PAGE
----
What is interesting is that, there were no flirtatious interactions shown between Dan and Shiuli, as a typical preamble to the story. These were two different people in their own worlds. There was no reason for Dan to feel the way that he did. It was just his inherent sensitivity that fired his drive. For him, it was just too big a deal that someone had asked for him before going into a deep sleep from which they may never wake up again. Dan’s transformation from a careless man to becoming a pillar for Shiuli’s family, became his journey of self-awareness. As he got to know Shiuli better, a form of protective and spiritual love may have found its place. In the short few months that he had come to know her unconscious self, she had become an inseparable part of him.
Plato’s disciple Aristotle propagates this epistemology of love where it is essentially an emotional construct. Emotion, being a subjective feeling, would be something that we feel privately and cannot necessarily extend to other people. We may try to explain it through our limited language or behavior but the true interpretation of it would always remain within us.
Plato’s disciple Aristotle propagates this epistemology of love where it is essentially an emotional construct. Emotion, being a subjective feeling, would be something that we feel privately and cannot necessarily extend to other people. We may try to explain it through our limited language or behavior but the true interpretation of it would always remain within us. Dan’s love for Shiuli was not sensual but it had been strong enough for him to give up everything else to see her wake up and talk to him. Even though Shiuli didn’t survive, this emotive love remained intact transferring the personification to a Shiuli plant in her garden which he took away with him.
October may remain one of Bollywood’s most misinterpreted films due to the nature of love that it chooses to address. If you asked people about the film, you would almost certainly find polarized reviews wherein one group would call it a ‘waste of time’ while the other would call it ‘deeply affecting’. These divisive viewpoints bring to fore the million dollar question – “What is love ?” and it has nothing to do with that night at Roxbury. Perhaps, we would never have a concrete answer. Having said that, it’s heartening that Bollywood is exploring one of the most over-used emotions in various shapes and forms. With the inherent challenges that come with it, you would get to see some out-of-the-box writing and unconventional characters.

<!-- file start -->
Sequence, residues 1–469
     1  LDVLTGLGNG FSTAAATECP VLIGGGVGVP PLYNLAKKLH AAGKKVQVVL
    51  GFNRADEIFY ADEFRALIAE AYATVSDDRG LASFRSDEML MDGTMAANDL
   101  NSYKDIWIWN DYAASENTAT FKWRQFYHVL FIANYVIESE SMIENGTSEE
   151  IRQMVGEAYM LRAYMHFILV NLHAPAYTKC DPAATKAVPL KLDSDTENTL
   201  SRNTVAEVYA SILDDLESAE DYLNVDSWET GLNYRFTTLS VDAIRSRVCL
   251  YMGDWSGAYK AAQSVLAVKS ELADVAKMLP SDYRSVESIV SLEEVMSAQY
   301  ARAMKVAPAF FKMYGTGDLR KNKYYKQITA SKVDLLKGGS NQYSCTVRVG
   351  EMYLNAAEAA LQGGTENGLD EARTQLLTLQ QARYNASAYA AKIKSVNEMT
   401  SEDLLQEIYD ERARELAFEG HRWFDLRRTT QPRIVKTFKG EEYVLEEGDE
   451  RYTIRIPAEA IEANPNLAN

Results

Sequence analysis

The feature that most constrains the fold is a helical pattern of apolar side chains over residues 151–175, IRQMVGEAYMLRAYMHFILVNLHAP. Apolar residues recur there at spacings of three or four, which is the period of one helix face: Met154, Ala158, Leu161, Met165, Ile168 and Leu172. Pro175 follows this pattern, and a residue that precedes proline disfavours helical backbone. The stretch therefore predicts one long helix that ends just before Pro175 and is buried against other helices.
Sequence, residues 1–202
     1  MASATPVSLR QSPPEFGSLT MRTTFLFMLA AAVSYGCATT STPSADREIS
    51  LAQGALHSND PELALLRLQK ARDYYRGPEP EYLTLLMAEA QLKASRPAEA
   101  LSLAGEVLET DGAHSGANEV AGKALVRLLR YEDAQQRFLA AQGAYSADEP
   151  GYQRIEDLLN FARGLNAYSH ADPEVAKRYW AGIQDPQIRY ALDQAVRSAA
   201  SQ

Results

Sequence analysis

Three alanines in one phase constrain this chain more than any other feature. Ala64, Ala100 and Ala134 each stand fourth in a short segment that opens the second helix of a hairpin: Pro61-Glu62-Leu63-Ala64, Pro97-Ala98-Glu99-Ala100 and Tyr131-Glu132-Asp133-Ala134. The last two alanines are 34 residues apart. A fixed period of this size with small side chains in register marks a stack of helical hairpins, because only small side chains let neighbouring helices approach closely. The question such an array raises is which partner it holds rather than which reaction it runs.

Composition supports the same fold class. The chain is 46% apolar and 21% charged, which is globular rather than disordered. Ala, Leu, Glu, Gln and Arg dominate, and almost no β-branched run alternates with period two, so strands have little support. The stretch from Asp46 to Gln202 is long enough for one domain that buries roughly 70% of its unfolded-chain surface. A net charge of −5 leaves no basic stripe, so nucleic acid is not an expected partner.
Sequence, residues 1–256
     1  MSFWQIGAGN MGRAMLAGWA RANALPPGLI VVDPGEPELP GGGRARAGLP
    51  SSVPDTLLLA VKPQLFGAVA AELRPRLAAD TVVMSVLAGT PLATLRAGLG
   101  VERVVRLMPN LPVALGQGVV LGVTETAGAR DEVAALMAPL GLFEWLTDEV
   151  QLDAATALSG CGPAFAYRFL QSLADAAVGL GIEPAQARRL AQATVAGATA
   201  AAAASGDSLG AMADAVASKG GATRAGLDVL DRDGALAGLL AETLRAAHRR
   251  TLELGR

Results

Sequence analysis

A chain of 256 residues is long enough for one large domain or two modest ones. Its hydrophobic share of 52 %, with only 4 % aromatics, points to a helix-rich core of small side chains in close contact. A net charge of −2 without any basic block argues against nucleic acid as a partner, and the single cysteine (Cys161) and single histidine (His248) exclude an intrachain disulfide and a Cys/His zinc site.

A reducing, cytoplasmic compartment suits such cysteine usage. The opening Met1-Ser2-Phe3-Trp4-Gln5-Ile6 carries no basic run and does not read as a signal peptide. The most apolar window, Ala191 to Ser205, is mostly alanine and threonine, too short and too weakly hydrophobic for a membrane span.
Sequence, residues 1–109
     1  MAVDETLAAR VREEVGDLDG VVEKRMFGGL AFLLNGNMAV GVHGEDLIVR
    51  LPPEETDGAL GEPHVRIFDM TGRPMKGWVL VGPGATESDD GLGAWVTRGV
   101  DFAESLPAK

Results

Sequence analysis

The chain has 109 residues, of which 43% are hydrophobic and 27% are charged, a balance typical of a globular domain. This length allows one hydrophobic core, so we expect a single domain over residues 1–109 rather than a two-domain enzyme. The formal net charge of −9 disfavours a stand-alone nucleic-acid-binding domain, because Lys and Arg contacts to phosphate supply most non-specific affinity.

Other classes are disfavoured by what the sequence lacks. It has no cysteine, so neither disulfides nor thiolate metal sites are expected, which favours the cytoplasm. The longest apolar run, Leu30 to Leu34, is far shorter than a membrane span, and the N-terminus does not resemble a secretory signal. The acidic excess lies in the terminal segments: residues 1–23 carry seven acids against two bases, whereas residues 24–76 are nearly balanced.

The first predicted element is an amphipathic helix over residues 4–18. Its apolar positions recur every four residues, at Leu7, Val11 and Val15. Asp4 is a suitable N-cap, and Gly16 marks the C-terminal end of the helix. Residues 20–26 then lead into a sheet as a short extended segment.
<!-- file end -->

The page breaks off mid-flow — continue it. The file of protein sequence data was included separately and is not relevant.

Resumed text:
Talking about characters, Dan is Varun Dhawan’s best work thus far. Despite being typecast for a chocolate boy image that began with his foray into Bollywood with Karan Johar’s Student of the Year, Dhawan has slowly albeit surely evolved into a more mature actor. Dan Walia’s excessively emotional persona might even have been a result of an autistic persona, even though it was never formally said in the film. His mannerisms throughout the story portrayed a man who had no familial attachment with any of his co-workers. He lacked a firm foundation, or a purpose if you may. But a passing remark by a person he hardly knew, changed his whole being. Maybe that’s what love is supposed to be. Maybe its not the violins you hear when you meet the one. Maybe its just a subconscious moment or memory that grows inside your mind, rewiring it until you have become someone else.